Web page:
Nursing is often described as a calling. It is a highly rewarding and challenging career where no two days are ever the same. The roles are varied, but if you consider yourself to be brimming with compassion and the ability to show commitment to others, then it could be just the profession you’ve been yearning for.
In many ways, prison nursing is similar to primary care practice work, requiring nurses to attend to the various needs of a wide variety of vulnerable patients. Traditional nursing skills are required, with obtaining blood samples, treating wounds and performing health screenings amongst the duties prison nurses are expected to perform.
Specialist knowledge tends to be highly valued in this field too, as the concentration of patients needing help for mental health and substance misuse problems is higher within the prison setting. It is this high number of patients in need that provides perhaps the greatest reward for prison nurses. The opportunity to make a difference in the lives of some of society’s most vulnerable people, connect with those who are cut off and help patients recover, both mentally and physically, can be hugely satisfying for nurses.
Prison nurses are the main connection for patients, and you may find it to be a fulfilling process when you have helped someone in a difficult situation, especially in cases of self-harm. Prison nurses have a great influence on their patients and can easily alter their thought process.
So what are the necessary steps you must take to become a prison nurse?
To become a prison nurse, you will need to be a fully qualified registered general nurse. There are many routes into the nursing profession, so it is important to research your options and seek professional guidance when making this important decision.
Once fully qualified, you will be able to specialise in a particular field, such as prison nursing.
As a registered general nurse, you will already be able to thrive under pressure and communicate in a clear and concise manner with patients and fellow members of staff, as well as being flexible and highly organised.
In addition, as you will be working with patients from various social and ethnic backgrounds, you must be able to work free from judgement and demonstrate an ability to handle conflict effectively. Your goal should be to establish a rapport with your patients, regardless of their condition.
While newly qualified nurses are eligible to take up roles in prison nursing, many employers opt to hire candidates with experience in a particular field of nursing.
In order to improve your chances of securing a prison nursing job, it is preferable that you have previous experience of working in mental health nursing, acute primary care, critical care (A&E nursing), GP surgery nursing or community nursing.
Specialist skills in areas such as substance abuse, diabetic care, sexual health, triage and experience in secure or forensic environments are also looked upon favourably.
Training in one or more of these areas can be achieved through placements or taking on agency nursing jobs, which allow you to widen your skillset in preparation for a prison nursing job. It is worth contacting nursing agencies that have dedicated prison teams, like Medacs Healthcare, who can advise you further on whether your existing specialist skills clients are looking for.
Before you can enter a prison setting to work, you are required to obtain the necessary clearance. This is a process through which those applying for a role within a secure environment are vetted, with various background checks carried out in the interest of security.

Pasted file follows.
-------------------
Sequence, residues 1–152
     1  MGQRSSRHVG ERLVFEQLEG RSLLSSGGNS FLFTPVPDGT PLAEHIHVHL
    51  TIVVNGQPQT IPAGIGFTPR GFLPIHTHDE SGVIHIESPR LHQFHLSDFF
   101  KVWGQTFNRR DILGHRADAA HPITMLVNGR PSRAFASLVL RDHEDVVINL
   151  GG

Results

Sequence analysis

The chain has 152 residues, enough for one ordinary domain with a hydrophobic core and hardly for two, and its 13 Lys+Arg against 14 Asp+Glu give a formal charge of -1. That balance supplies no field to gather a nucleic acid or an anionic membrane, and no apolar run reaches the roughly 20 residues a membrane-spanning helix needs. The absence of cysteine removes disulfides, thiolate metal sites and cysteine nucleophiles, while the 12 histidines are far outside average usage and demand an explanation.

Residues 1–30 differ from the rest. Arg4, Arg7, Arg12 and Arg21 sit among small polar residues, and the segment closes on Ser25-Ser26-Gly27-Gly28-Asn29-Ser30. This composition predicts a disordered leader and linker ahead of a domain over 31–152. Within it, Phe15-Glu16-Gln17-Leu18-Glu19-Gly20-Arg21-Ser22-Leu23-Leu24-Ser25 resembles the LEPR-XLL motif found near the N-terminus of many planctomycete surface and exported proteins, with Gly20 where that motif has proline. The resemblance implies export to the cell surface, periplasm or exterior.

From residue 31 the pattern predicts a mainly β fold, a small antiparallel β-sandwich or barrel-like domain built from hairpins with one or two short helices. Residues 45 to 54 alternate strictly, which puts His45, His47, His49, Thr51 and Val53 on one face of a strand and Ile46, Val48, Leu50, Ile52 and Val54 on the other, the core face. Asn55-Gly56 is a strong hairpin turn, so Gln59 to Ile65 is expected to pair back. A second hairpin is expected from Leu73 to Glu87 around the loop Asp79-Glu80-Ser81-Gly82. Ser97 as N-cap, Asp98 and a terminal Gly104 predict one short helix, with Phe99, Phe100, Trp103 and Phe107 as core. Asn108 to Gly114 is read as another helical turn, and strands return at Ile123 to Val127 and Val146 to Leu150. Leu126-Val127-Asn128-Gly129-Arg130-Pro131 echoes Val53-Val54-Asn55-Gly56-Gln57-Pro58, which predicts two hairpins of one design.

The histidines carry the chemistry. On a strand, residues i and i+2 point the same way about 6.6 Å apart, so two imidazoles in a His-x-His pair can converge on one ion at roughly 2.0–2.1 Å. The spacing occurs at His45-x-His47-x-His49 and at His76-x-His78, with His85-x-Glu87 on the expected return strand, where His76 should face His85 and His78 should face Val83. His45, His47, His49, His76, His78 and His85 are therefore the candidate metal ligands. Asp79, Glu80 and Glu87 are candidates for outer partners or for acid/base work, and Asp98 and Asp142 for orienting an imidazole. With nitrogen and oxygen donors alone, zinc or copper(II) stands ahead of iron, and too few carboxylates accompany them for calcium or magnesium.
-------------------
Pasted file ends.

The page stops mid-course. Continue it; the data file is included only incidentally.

Clearance levels differ depending on the category of prison in which you wish to work.
Category D prisons, also referred to as ‘open prisons’, are institutions that exercise a certain degree of trust and house prisoners who are eligible for release on a temporary licence (ROTL) in order to work in the community.
Category B and C prisons, also known as ‘closed prisons’, are designed to hold residents who cannot be trusted in an ‘open’ environment but do not require a maximum-security setting. The clearance process for category D, C and B prisons can be up to two weeks.
Category A prisons, or ‘high-security prisons’, are also classified as ‘closed prisons’ and hold prisoners who are extremely dangerous to the public or national security. Clearance for category A prisons is extensive and can take up to six months to complete.
A prison nurse can be employed either by the NHS, an organisation providing prison healthcare services, a nursing agency or directly by the prison service. For nurses who are undecided about prison nursing, some nursing agencies and employers offer you the chance to shadow prison nurses, almost in a ‘try before you buy’ type scenario. This will give you a chance to experience what life is like as a prison nurse before you commit to a change in career.
There are many other benefits to doing prison nursing agency work, including the ability to select shift patterns that suit your lifestyle, either on a full or part-time basis.
Nursing agencies are able to match you with the right prison nursing roles, while some even help you gain the general clearance required by many prisons in England and Wales, with training and development available while you wait.
To learn more about what to expect as a prison nurse, enquire about our prison nursing opportunities or discover more about the support we can offer you, please contact us directly via email: firstname.lastname@example.org or call 0800 442 207 during office hours. Alternatively, please complete the form below:
*This post was originally published on 01/08/2013 and has since been updated for accuracy and comprehensiveness.
Read more in the prison nursing series:
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